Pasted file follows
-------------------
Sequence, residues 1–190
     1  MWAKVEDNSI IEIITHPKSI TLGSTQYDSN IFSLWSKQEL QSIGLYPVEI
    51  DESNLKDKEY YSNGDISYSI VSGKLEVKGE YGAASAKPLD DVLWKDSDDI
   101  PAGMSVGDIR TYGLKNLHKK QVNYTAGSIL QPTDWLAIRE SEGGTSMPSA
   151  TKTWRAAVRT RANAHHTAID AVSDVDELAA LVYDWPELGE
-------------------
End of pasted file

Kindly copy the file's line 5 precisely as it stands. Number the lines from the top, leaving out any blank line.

   151  TKTWRAAVRT RANAHHTAID AVSDVDELAA LVYDWPELGE